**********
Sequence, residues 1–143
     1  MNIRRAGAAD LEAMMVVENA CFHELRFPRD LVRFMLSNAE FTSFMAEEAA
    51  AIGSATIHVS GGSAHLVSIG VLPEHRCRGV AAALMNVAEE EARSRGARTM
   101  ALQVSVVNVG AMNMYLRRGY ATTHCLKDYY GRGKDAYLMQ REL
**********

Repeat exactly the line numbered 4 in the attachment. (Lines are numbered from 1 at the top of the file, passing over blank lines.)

   101  ALQVSVVNVG AMNMYLRRGY ATTHCLKDYY GRGKDAYLMQ REL